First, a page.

A bag used by NASA astronaut Neil Armstrong to collect dust and rocks from the lunar surface is expected to bring in an otherworldly sum when it goes up for auction (along with several other pieces of important space memorabilia) later on this week at Sotheby’s in New York City.
Used by Armstrong to transport the very first lunar samples ever collected back to Earth as part of the Apollo 11 mission, the bag still contains dust and small rocks and is expected to fetch up to $4 million once the auction begins at 11am Thursday morning, according to Fortune.
“This seemingly modest bag… played a crucial role in the most important scientific task of the Apollo 11 mission – to bring back the first sample of lunar material ever collected,” Cassandra Hatton, the vice president and senior specialist at Southeby’s who is in charge of the upcoming auction, said in a statement, according to CollectSpace.
“To be able to see such an object in person is a once in a lifetime opportunity,” she added. “It is one thing to read about going to the moon; it is quite another to hold in one’s hands an object that was actually there and still carries traces of that faraway place.”
In addition to the bag, items available for the auction include the Apollo 13 flight plan (which is expected to bring in $30,000 to $40,000 at the auction) and the record file for famed Cosmonaut Yuri Gagarin, which will likely go for at least $50,000, photographs of the moon taken by the US space agency and even a spacesuit worn by Gus Grissom, the Science Times added.
The unusual journey of this unusual space artifact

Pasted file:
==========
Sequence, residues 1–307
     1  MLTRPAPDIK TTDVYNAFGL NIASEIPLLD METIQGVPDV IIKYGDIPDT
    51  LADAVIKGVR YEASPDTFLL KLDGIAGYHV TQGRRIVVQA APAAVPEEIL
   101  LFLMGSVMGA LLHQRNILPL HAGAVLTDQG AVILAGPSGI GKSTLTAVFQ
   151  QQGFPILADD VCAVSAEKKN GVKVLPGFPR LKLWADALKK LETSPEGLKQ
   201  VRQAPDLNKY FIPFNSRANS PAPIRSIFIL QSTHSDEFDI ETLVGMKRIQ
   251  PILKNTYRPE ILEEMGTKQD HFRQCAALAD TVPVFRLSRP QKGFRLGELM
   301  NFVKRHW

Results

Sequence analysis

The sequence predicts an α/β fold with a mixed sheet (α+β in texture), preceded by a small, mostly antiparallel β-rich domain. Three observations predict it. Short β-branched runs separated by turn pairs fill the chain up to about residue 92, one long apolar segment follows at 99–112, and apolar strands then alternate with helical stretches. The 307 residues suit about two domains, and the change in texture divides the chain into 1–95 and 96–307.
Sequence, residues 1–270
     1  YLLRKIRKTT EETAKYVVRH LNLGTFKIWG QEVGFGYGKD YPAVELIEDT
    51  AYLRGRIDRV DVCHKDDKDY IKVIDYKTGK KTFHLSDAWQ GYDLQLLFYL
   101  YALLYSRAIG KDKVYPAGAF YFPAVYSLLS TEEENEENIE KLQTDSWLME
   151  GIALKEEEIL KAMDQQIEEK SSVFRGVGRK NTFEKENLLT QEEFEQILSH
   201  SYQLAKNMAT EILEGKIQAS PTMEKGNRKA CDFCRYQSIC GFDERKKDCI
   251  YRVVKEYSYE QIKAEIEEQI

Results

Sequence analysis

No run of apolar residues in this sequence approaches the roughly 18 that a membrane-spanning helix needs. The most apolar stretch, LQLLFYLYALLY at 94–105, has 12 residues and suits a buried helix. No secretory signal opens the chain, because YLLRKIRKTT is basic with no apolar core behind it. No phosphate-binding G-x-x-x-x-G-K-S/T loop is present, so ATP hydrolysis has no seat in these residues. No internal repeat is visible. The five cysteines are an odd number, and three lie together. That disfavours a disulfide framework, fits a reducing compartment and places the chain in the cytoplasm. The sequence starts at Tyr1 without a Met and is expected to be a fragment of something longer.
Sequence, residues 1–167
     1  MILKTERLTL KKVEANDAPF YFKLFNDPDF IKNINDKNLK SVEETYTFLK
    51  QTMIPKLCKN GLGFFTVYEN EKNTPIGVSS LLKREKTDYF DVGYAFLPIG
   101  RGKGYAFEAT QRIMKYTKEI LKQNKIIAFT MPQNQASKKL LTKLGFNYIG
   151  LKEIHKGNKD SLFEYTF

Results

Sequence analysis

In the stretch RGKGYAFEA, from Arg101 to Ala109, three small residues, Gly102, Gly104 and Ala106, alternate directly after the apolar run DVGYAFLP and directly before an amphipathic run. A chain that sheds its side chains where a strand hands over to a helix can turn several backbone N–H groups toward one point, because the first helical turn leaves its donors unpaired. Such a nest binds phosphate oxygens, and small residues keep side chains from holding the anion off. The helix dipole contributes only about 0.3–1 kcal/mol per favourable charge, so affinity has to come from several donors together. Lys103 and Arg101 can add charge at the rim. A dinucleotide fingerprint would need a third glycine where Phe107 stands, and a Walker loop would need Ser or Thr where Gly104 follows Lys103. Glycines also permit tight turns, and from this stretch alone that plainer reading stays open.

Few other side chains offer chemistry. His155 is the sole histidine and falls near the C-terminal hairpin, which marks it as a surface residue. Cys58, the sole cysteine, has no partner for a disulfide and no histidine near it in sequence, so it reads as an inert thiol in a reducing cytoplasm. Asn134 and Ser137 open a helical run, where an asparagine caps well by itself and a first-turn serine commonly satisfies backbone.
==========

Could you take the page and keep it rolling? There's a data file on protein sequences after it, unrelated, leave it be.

According to Sotheby’s, the auction is their first space-themed sale in approximately two decades and was scheduled to coincide with the 48th anniversary of the Apollo 11 moon landing. Several of the items come from astronauts’ private collections, and some are autographed, they noted.
While such artifacts, as well as photos, tools, maps, charts and more, will be available to buy at the auction, the Armstrong sample bag is the obvious showcase piece – but, as collectSpace, the Science Times and Fortune explained, that wasn’t always the case. In fact, it previously failed to sell at auction and wound up being purchased as part of a lot for less than $1,000.
For many years, the bag was stored at the famous Johnson Space Center in Houston, but at some point, NASA lost track of it and it ended up being found in the garage of Max Ary, co-founder of the Cosmosphere in Hutchinson, Kansas. Ary was later convicted of stealing and selling artifacts belonging to NASA and the Cosmosphere, but the Armstrong bag was inadvertently sold in 2015 on behalf of the US Marshals Service to cover restitution due by the museum manager.
However, the bag was unable to find a buyer at Marshal Service auctions on two occasions and wound up going to Chicago-area attorney Nancy Lee Carlson for just $995 on the third attempt. In an effort to learn more about the bag, Carlson contacted NASA, who tested it and its contents and found that the bag contained actual moon dust collected by Armstrong.
The agency attempted to keep the sample bag and its contents, but Carlson filed a lawsuit. She won, and NASA was forced to return the item to her after a Texas judge ruled that there was not enough evidence to overturn the result of the Marshals’ sale. Now, with the bag authenticated by NASA, Carlson has decided to put it up for auction once again – and this time she is expected to earn a considerable return on her initial investment.
Image credit: AP Photo/Richard Drew